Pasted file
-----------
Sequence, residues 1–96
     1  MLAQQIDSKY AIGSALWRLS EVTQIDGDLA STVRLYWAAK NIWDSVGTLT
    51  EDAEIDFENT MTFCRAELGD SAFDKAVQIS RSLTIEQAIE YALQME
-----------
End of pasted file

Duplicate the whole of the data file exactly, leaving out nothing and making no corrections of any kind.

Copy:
Sequence, residues 1–96
     1  MLAQQIDSKY AIGSALWRLS EVTQIDGDLA STVRLYWAAK NIWDSVGTLT
    51  EDAEIDFENT MTFCRAELGD SAFDKAVQIS RSLTIEQAIE YALQME